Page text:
I believe Scott Murray is talking the economic talk that I had been advised was necessary for the literacy community to learn to do in order to reach policy makers ears - because they are now economists. Remember when our prime ministers used to be lawyers? Now they are economists! It was at the BC Conference where this advice was given. I heard it but not wanting to ever talk economist talk, I just stored it but let that one really slide.

This is the second time I have heard Scott Murray speak and my reaction is the same each time. I ask myself who is his audience? It has to be economists and politicians and policy makers. It isn't me, because the message I receive each time I hear Scott Murray speak is that we adult educators and the learners we work with are losers, failures, not making any impact, doomed to fail even more down the road. I saw a chat goodbye in the event that said the presentation was scary. That's how I felt the first time I heard Scott Murray speak at a Cesba event. To be honest, the way Scott Murray delivers his message is not something I want to hear nor do I feel I need to hear.

What does come through for me is the fact that funding needs to be invested in Level 1 and 2 students. That employers need to realize this because lots of Level 1 and 2 students are working and could be upskilled in literacy right in their workplace - that this is a good investment strategy. I think Scott Murray's message says this. I can support this message. I think his message also says that investment at the higher Level 4/5 end can be less and for a shorter duration. So for me that means that colleges should be getting less and community-based literacy programs getting way more. And perhaps that community-based literacy programs could be supported in working more closely with the employers of the students in their programs to ensure seamless and supported literacy upskilling opportunities at that level. I could support that.

I heard Craig Alexander speak on CBC radio last night before he was to get his Diamond Jubilee Award for his literacy advocacy work - and I have to say that it was heartening to hear him sort of get it right and talk about his colleagues and friends - those at the monied tables of power - not really understanding the reality of the literacy needs in Canada. I do think that voices at those tables need to be vocal and championing the cause. If they have to speak some of that economist language to do so, then so be it. Don't get me wrong, it's not my talk and I won't learn the language - but sometimes it may be the only language that is heard.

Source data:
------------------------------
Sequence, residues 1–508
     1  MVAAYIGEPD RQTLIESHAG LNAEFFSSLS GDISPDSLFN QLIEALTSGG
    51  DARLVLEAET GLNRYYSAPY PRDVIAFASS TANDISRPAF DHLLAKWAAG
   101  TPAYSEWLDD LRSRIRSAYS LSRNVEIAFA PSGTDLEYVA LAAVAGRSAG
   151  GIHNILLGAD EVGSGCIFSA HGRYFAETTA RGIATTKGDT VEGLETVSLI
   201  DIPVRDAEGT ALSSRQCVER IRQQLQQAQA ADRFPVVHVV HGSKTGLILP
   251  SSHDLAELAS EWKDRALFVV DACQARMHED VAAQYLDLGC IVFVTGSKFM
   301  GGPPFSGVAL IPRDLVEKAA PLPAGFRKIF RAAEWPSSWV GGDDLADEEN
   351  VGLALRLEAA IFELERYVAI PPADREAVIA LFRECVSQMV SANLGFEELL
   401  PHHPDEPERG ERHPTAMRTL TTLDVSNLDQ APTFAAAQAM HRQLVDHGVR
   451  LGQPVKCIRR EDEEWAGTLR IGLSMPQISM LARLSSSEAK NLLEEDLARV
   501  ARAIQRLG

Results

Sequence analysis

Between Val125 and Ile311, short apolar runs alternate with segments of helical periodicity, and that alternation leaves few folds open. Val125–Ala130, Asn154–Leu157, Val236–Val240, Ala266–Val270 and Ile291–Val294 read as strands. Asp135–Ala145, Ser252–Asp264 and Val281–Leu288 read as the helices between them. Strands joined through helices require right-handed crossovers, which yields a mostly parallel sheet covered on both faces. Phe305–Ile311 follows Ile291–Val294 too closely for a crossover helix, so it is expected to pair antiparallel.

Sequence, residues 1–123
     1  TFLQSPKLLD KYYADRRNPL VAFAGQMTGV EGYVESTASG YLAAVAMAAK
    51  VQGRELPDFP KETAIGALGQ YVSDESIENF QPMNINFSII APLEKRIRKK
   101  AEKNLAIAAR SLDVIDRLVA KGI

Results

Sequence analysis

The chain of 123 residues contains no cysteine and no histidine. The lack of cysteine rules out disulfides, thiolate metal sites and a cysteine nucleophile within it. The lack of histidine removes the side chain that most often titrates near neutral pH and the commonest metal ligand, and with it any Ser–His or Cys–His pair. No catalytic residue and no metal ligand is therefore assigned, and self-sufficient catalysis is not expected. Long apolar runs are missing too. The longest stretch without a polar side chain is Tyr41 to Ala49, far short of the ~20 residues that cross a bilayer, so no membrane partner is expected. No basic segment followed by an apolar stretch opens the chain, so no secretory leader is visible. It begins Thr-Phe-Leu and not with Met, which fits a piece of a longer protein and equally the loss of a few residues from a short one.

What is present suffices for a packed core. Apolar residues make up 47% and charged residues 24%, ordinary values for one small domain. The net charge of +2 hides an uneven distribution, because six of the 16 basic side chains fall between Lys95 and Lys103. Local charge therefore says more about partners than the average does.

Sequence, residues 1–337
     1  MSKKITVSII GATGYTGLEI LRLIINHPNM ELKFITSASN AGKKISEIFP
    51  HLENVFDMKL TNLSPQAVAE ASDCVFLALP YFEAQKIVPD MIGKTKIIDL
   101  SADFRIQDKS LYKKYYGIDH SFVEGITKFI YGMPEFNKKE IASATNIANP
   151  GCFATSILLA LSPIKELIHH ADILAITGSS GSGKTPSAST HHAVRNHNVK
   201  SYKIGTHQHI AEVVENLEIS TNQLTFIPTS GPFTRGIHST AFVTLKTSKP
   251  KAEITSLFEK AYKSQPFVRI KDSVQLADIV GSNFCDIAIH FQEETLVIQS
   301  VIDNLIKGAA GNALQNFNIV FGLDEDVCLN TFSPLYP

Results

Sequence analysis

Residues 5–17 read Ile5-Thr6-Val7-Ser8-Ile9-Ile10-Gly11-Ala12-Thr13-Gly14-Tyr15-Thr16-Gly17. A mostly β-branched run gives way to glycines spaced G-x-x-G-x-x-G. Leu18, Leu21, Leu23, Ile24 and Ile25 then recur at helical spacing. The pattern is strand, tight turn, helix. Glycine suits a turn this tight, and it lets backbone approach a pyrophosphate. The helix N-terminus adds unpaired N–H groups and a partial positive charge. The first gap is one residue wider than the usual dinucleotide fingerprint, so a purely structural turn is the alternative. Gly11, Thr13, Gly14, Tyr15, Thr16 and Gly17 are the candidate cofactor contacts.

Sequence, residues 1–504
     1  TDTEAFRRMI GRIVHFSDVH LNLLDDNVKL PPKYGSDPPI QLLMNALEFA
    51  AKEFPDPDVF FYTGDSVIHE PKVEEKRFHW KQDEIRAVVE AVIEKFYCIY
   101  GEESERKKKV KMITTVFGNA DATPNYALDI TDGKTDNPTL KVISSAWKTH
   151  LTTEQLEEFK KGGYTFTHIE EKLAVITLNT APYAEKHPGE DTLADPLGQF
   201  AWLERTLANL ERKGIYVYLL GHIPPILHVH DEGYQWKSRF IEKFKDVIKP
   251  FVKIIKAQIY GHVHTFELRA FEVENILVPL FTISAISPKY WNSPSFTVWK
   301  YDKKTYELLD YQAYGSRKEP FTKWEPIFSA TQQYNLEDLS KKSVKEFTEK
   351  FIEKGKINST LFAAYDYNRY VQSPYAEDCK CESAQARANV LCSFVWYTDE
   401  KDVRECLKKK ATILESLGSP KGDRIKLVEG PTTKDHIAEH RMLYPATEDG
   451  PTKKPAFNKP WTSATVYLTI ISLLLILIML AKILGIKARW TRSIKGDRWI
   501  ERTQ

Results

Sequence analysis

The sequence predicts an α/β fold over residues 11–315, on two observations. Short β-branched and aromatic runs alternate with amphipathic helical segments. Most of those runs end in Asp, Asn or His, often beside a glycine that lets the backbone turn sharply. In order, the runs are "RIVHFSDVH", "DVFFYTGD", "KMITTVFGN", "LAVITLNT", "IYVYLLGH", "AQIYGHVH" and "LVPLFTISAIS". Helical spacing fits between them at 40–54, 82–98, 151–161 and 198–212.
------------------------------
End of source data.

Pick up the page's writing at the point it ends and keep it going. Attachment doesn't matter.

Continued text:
I am not justifying the IALSS or PIAAC data or process or results. I understand the purpose they are meant to serve and don't buy the message or support the capitalist/globalist structure they serve. DataAngel has worked with that data and come to his conclusions. CLLN is supporting the distribution of that data and promoting the message. Is the outcome of adequate funding for adult literacy provision for all learners in Canada what they hope/expect to achieve in their efforts? I hope so. Does the end justify the means? Sometimes.

I agree  that Scott Murray's language is really telling in terms of his own thinking and take on his data. I gasped when I heard him say "reading diseases" even though I knew it was coming from your email. OMG! It hurts the ears to hear him speak I have to say. I have to work really, really hard to keep focused and try to understand what he is saying. We so don't speak the same language at all! And that was the point made in that BC Conference I was at - we literacy educators don't speak the same language as the policy makers and economists and so we don't hear each other. But they have the power and that makes a huge difference to us in terms of not being understood by them.

Interesting how silent the Chat Room became during question time. Again made me wonder why this talk and message is being delivered to the adult educator audience? It just feels self-defeating to even carry on when the projections are so negative and whatever we do in the face of the data doesn't matter. I really feel that programs and educators should be honoured with more funding, better coordination, and hope - because they have been working for way, way too long under the very worst conditions for the worst wages and no benefits and that needs to be recognized.

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